by Sylvia Maddox
from the Spring/Summer 2017 issue of Reflections magazine.
The last year of my grandmother’s life, our family would often gather round the bed and sing well-known hymns. Her favorite hymnal was Heavenly Highways, and those hymns at the end of life gave comforting images of the “shining river” where we would all gather when our earthly pilgrimage would cease.
I have never been a great singer, but I hear a blessed harmony when I sing with people at the end of life. At this time of life, spoken words do not always express the tenderness of the human voice singing. A song of one’s culture or religious background is the place where one feels most at home. I have also seen that singing around the bedside not only comforts the dying but also brings peace to the circle of family and friends gathered.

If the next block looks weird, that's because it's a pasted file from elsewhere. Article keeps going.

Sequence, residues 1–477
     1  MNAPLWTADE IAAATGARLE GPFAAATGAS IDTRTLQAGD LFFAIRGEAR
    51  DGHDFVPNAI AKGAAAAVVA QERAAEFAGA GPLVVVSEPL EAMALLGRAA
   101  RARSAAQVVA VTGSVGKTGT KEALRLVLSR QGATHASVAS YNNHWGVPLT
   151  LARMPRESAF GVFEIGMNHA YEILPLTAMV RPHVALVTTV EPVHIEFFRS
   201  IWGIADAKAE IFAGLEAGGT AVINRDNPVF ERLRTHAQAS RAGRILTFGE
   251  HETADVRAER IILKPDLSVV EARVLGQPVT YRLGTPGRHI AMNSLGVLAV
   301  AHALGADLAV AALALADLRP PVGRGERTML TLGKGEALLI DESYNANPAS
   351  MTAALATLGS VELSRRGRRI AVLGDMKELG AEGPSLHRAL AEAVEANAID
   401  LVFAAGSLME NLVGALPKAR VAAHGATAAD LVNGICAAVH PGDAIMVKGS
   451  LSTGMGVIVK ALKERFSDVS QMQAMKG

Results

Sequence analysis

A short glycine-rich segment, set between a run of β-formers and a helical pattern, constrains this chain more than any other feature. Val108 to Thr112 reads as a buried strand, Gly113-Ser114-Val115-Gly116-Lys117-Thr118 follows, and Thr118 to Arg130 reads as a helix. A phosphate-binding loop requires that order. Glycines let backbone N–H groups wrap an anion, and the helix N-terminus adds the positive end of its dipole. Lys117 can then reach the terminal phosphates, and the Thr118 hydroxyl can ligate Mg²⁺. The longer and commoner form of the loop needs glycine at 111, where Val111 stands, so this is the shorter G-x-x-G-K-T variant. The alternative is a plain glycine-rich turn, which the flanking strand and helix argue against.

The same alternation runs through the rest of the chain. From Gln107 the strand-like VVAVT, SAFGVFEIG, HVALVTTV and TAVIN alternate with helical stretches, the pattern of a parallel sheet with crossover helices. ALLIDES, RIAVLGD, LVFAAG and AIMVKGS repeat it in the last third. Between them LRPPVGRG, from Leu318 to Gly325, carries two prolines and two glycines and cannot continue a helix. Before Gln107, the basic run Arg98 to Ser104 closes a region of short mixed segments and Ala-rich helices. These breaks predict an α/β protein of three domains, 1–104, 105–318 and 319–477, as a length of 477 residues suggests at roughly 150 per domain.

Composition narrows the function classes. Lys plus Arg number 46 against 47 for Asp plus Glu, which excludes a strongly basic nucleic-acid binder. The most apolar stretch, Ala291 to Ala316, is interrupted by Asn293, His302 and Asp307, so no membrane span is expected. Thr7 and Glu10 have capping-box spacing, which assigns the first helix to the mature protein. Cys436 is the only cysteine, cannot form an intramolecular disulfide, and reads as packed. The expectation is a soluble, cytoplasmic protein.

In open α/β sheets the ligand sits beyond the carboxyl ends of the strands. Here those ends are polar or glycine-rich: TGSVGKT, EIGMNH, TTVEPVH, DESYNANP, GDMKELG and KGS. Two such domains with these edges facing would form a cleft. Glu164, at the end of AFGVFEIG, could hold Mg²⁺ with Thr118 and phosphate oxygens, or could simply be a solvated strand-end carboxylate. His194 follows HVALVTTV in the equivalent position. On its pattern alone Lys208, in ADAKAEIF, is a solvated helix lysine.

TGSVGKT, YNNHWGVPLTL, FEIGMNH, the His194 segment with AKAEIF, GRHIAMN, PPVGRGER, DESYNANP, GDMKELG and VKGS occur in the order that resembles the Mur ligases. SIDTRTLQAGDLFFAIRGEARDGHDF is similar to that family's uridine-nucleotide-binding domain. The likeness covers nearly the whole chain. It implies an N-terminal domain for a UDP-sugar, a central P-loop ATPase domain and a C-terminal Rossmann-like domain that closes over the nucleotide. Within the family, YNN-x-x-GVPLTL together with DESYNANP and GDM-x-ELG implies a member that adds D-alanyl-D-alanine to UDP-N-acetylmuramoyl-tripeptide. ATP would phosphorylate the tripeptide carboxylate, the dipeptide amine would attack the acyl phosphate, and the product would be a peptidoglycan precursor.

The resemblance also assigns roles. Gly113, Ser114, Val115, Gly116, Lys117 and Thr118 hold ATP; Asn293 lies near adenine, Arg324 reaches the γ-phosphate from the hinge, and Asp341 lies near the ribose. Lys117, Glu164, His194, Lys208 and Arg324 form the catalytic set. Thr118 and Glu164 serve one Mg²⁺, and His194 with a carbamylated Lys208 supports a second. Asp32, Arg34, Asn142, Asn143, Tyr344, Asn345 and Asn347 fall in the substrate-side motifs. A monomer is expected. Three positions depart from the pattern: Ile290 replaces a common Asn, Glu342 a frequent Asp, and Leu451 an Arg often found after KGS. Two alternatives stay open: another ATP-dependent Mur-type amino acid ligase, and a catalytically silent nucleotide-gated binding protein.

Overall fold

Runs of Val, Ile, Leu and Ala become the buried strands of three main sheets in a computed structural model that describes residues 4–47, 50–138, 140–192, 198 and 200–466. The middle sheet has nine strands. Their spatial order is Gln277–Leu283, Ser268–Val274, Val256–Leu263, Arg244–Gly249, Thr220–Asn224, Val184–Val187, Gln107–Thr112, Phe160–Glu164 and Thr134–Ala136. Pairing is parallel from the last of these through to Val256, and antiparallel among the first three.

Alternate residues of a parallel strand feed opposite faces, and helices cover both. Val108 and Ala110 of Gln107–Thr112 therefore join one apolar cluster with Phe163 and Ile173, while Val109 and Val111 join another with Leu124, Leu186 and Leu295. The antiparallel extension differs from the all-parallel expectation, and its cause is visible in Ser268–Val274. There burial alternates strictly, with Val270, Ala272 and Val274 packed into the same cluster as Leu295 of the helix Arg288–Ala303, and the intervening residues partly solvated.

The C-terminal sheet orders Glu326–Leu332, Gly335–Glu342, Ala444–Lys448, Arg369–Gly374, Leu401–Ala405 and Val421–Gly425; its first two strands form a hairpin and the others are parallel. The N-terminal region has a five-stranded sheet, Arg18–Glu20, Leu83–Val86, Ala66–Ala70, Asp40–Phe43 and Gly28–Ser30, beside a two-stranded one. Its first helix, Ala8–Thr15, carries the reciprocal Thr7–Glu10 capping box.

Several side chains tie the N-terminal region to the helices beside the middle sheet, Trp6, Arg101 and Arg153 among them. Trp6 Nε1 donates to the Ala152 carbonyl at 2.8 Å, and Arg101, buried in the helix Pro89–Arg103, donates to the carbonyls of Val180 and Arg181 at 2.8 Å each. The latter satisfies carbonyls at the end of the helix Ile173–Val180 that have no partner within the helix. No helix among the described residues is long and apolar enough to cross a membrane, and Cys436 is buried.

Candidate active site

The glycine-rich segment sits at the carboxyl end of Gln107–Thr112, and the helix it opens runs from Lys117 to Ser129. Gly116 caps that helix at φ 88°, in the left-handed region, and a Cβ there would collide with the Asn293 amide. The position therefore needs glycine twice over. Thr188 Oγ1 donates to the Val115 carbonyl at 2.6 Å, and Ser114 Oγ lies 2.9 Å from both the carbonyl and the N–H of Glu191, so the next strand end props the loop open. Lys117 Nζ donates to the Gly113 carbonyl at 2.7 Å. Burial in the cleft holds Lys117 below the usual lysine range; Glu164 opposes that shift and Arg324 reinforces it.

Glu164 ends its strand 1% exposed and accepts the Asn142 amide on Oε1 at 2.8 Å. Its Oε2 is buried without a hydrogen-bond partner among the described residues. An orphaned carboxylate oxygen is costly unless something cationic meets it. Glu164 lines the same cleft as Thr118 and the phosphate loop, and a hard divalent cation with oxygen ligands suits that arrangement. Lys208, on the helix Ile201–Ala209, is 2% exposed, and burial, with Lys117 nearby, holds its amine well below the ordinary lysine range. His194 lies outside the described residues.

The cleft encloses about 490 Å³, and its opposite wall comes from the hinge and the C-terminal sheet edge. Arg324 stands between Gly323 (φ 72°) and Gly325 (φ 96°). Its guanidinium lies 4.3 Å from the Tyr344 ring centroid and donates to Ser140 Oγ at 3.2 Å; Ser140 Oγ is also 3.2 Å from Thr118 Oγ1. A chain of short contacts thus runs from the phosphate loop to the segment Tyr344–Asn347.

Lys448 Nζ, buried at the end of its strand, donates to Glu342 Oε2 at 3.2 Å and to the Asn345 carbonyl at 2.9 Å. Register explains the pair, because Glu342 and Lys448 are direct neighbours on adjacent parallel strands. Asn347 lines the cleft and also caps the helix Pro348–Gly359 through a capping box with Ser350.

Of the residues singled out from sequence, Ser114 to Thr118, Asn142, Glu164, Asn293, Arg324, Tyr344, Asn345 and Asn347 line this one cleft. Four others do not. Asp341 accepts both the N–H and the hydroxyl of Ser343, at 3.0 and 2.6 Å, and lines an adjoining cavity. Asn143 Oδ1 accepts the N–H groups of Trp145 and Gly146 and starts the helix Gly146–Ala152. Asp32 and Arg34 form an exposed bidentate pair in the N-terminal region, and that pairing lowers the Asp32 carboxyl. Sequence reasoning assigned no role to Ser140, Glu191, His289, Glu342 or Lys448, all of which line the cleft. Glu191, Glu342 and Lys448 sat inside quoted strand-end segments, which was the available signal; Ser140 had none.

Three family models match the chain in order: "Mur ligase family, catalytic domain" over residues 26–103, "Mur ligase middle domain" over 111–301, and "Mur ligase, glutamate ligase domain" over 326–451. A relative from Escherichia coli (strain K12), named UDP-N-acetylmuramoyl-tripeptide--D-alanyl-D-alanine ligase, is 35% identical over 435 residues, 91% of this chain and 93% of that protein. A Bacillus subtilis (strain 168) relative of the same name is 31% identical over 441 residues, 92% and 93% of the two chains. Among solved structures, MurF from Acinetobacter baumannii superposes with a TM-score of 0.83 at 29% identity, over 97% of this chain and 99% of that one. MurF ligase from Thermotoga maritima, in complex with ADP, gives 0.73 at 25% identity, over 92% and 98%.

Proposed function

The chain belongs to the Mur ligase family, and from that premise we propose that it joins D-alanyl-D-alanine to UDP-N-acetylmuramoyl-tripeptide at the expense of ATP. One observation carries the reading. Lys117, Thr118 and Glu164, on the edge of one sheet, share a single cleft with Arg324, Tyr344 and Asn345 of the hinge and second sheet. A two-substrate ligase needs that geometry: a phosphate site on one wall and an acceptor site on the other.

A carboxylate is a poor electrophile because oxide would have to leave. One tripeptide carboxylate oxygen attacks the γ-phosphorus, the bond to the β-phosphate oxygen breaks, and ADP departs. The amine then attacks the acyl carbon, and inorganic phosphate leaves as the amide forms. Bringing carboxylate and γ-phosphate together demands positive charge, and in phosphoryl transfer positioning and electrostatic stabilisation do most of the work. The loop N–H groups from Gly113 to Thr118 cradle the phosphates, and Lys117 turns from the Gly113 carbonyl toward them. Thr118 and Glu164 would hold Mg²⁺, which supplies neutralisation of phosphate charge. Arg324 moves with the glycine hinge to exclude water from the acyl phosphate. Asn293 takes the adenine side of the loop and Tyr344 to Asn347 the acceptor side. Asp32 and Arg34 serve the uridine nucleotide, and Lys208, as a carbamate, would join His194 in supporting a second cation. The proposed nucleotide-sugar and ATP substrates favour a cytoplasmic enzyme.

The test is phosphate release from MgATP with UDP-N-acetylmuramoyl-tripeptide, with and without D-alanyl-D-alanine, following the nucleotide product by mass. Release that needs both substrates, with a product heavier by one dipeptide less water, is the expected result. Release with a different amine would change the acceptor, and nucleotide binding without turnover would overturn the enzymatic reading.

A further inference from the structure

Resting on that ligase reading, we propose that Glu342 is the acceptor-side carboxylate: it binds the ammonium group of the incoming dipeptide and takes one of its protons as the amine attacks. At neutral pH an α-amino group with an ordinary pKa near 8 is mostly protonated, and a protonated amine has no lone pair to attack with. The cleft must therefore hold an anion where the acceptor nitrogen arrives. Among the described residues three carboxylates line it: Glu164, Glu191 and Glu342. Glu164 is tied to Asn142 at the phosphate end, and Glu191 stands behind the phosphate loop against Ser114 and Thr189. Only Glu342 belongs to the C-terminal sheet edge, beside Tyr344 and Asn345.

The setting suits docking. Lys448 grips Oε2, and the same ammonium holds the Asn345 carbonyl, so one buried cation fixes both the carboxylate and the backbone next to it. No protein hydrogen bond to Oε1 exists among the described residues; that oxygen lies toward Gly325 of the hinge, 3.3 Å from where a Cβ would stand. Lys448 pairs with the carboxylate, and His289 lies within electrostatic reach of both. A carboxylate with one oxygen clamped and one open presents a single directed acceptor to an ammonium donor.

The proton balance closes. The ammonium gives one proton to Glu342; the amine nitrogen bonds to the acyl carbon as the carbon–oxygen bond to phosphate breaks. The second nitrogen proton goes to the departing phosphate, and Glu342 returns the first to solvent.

Even if loved ones don’t know the song, or don’t share the same faith, there is, as John O’Donohue says, “a shelter of music.” How many times have I seen all the anxiety and worry in a room change when we enter this shelter of music.
Recently I visited a person at a hospice facility who was agitated and could not communicate easily with his voice or with his eyes. When I began to sing, “Abide with Me,” everything stopped. His whole body became calm as he reverently put his hand over his heart and began to receive the words of the abiding presence of Christ. The image of his moment of peace stays with me as I carry in my heart all the precious memories of singing with loved ones as we gathered at the river “that flows by the throne of God. “
Sylvia Maddox is a writer and educator. She is a member of Church of Reconciliation, San Antonio TX. Reach her at